The minister for disabled people has been told by 10 user-led organisations (including Disability North) of their “serious concerns and disappointment” about his efforts to engage with disabled people on the government’s proposed national disability strategy.
The letter from 10 members of the Our Voices* group of disabled people’s organisations (DPOs) raises concerns about Justin Tomlinson’s “disjointed and somewhat chaotic approach” and the lack of time given to disabled people to influence the strategy through his new national survey.
It will add to growing pressure on Tomlinson, following similar concerns expressed last month by other DPOs who said they were “shocked and dismayed” by the government’s failure to engage with them.
The 10 DPOs, led by Disability Rights UK, have called on the minister to postpone the release of the strategy – currently planned for the spring – until the summer.
They say this week in their letter that the minister’s new national disability survey is “unfocused” and asks “broad questions about the experiences of disabled people” without any reference to the broad themes used in other recent attempts at engagement.
They say there is no possibility that the results of the survey could be translated into “meaningful insight” on what should be in the national strategy, and that it includes “no mention of the strategy at all” and “in no way supports genuine co production”.
They also tell Tomlinson that they are reluctant to encourage their members to take part in the survey as it is “not clear how it will support the development of the strategy”.
The letter also raises concerns about the length and accessibility of the survey and its intrusive nature.
The Our Voices group add concerns about Tomlinson’s decision to cancel the last two meetings of his new DPO Forum, just as he was supposedly seeking the views of disabled people and their organisations to feed into the strategy.
And they say they are concerned that Tomlinson has instead been consulting closely with large charities not run by disabled people, through the Disability Charities Consortium.
It adds: “Our organisations truly represent disabled people and our lived experience is sadly underutilised by government.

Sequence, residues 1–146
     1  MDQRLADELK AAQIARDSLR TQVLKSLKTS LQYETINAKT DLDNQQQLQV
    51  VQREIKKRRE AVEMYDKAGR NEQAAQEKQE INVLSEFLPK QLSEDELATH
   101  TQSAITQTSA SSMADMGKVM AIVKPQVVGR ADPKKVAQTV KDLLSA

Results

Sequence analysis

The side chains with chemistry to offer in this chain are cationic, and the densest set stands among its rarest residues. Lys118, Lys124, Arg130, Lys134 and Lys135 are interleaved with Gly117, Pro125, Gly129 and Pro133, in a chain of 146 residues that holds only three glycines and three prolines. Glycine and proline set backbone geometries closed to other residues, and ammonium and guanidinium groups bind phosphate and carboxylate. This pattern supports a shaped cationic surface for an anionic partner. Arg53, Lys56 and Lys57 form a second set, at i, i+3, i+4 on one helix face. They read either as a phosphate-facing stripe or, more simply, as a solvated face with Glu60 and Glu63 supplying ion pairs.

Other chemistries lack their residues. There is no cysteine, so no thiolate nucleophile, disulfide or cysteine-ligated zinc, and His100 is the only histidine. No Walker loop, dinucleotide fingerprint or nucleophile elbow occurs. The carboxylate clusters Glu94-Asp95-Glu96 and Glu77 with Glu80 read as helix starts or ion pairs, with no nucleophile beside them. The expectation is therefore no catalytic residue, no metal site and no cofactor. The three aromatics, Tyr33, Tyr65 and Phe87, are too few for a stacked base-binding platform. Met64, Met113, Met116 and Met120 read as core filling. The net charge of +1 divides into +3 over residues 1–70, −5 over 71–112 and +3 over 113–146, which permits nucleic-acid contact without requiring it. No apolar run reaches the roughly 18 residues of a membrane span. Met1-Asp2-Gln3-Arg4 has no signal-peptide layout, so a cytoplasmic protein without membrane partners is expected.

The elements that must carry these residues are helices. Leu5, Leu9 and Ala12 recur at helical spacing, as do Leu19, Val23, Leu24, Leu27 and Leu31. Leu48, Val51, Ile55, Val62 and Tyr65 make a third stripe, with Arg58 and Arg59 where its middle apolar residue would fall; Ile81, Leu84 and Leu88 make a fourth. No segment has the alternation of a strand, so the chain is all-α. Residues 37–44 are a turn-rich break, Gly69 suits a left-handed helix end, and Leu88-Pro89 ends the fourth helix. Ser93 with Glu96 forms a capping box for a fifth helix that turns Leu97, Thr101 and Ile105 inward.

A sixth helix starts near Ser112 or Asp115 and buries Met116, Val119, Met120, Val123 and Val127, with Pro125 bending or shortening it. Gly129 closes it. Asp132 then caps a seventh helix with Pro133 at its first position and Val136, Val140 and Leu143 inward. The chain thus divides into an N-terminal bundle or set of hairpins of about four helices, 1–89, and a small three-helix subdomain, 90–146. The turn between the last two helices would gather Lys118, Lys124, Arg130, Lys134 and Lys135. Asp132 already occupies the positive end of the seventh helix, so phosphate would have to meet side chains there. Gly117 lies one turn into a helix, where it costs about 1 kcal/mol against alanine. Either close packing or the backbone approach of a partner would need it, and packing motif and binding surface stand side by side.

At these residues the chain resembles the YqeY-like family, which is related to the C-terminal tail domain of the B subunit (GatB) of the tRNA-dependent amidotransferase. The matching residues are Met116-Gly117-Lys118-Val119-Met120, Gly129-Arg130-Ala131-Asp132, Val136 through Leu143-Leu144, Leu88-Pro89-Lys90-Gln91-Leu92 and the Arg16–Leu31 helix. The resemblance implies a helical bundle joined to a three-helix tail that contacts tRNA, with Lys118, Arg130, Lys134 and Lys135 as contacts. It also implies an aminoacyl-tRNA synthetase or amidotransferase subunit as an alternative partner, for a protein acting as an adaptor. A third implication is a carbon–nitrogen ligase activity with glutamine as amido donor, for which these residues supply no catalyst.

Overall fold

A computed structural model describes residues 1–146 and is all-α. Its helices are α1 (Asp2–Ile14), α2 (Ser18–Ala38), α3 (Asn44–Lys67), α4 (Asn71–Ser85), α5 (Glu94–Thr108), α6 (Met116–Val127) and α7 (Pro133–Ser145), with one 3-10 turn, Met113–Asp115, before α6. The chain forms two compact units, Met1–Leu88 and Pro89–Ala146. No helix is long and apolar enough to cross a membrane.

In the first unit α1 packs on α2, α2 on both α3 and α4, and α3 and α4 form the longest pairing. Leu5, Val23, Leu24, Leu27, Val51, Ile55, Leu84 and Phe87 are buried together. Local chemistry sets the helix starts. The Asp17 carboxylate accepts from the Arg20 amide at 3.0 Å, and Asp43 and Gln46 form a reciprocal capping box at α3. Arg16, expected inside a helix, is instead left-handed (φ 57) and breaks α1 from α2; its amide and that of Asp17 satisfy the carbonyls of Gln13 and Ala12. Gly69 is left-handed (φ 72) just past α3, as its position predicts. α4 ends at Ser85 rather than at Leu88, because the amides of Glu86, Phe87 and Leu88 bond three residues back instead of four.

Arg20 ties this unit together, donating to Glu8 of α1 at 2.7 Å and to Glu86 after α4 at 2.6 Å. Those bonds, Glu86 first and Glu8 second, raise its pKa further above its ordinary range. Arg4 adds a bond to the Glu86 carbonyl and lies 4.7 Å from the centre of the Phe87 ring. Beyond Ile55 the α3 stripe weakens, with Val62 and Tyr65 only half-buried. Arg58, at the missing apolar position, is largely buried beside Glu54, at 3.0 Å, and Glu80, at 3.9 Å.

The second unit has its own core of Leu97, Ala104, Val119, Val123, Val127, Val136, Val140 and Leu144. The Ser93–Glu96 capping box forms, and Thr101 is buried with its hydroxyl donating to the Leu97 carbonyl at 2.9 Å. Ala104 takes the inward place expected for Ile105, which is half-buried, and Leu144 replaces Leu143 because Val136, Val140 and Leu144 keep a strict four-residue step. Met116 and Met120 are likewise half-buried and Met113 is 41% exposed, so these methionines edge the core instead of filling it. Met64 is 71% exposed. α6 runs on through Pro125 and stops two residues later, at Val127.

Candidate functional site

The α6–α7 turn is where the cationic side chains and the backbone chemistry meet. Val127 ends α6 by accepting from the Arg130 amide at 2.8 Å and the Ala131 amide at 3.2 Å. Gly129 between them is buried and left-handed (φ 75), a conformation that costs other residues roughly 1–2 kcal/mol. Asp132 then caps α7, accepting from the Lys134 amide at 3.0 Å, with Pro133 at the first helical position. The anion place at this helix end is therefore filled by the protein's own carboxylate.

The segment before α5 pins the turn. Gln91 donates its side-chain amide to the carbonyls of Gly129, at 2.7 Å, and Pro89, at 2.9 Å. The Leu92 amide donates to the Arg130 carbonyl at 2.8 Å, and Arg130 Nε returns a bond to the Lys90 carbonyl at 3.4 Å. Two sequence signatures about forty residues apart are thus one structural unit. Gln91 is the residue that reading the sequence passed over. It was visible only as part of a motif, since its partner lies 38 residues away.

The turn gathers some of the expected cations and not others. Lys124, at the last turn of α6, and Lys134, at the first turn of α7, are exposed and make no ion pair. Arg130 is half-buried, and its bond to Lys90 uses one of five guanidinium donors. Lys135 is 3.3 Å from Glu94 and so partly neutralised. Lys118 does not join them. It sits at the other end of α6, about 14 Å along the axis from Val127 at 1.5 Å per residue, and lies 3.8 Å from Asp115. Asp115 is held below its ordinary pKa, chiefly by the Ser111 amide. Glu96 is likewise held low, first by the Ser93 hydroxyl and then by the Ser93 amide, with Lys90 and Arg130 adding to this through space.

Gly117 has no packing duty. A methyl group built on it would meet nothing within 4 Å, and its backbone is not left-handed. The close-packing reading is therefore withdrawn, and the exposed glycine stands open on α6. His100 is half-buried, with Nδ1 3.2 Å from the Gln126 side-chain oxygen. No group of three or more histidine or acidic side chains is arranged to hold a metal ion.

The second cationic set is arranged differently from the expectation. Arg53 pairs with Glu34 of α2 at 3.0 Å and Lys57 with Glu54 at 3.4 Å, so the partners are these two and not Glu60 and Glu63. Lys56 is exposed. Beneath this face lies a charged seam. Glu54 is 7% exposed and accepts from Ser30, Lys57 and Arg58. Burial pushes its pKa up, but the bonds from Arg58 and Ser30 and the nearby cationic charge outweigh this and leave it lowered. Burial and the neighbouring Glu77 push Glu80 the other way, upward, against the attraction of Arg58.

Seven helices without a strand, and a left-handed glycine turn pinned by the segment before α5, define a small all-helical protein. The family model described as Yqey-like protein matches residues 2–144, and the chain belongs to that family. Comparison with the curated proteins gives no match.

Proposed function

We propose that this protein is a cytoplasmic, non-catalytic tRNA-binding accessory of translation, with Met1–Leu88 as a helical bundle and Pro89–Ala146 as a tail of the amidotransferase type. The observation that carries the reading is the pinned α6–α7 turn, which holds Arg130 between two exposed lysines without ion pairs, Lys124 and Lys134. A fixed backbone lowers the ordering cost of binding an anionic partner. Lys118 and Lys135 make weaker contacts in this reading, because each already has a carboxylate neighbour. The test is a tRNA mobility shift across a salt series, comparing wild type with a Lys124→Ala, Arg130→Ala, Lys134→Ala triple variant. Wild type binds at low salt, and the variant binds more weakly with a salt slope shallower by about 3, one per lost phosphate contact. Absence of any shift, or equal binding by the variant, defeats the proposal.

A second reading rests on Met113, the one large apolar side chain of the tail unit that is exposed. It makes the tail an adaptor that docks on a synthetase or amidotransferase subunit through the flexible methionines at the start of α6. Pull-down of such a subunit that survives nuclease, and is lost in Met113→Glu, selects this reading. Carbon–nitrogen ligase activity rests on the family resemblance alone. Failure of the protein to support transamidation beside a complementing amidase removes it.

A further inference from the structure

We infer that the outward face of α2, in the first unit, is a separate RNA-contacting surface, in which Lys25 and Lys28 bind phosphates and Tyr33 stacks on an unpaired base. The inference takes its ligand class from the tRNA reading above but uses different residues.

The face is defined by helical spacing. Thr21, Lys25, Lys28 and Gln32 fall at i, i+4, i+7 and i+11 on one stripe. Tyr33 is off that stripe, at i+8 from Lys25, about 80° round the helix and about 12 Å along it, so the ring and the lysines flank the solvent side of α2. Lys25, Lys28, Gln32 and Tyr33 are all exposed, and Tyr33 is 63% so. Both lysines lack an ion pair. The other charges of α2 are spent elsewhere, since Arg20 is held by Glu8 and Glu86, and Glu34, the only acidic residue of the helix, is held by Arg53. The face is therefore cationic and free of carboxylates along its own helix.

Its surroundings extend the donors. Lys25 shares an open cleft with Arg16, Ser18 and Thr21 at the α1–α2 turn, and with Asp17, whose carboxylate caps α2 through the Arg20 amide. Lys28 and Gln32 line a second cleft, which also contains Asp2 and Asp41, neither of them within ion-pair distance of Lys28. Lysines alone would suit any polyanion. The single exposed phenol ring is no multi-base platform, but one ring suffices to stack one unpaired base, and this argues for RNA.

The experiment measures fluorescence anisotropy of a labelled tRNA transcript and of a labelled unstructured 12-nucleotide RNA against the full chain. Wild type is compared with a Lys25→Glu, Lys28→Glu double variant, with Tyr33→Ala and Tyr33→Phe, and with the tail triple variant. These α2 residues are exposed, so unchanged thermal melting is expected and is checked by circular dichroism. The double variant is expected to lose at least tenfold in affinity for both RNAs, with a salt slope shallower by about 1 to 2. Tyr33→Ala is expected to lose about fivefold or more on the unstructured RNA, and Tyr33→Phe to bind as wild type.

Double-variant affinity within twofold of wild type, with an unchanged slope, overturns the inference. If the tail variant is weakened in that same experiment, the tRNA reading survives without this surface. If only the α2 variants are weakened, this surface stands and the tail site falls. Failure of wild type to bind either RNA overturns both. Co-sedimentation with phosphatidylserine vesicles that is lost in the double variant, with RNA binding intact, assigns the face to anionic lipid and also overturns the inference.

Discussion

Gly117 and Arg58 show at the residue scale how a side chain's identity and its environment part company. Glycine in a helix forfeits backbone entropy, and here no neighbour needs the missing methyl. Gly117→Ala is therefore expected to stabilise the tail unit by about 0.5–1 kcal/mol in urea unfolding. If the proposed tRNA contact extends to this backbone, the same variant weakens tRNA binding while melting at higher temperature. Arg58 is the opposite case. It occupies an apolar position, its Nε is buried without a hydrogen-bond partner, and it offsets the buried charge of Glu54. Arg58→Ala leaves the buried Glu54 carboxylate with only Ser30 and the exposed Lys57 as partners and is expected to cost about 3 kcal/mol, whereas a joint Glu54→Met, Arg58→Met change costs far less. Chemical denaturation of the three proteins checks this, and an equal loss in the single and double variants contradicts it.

“We should be the first contact government make to understand the views and experiences of disabled people, with other organisations such as disability charities bringing their perspective, but not being the first port of call.”
The letter says the deadline for survey replies to feed into the strategy – 13 February – is also a “serious issue”, and they tell Tomlinson that it is “imperative that more time is allowed”.
They say the disability strategy must “reflect the lived experiences of disabled people” but that they have been “left with grave concerns about whether this will be achieved with the current approach being taken”.
The Cabinet Office had not responded to a request to comment on the letter by noon today (Thursday).
*Our Voices is a group of chief executives and policy leads of 14 DPOs – DR UK and 13 of its members – which have “come together, since the start of the pandemic, to promote the interests of disabled people and to provide mutual support to each other”.
Lynne Turnbull, its acting chair, and chief executive of Disability Positive (the new name for Cheshire Centre for Independent Living), said: “The group has been a terrific way to collaborate with other disabled people’s organisations on issues affecting disabled people during the pandemic, as well as working together to find solutions.”
The 10 members that signed the letter are Disability Rights UK, Disability North, Disability Peterborough, West of England Centre for Inclusive Living, Wheels for Wellbeing, Living Options Devon, Leicestershire Centre for Integrated Living, Disability Sheffield, Breakthrough UK and Disability Positive
News provided by John Pring at www.disabilitynewsservice.com/ 4 February 2021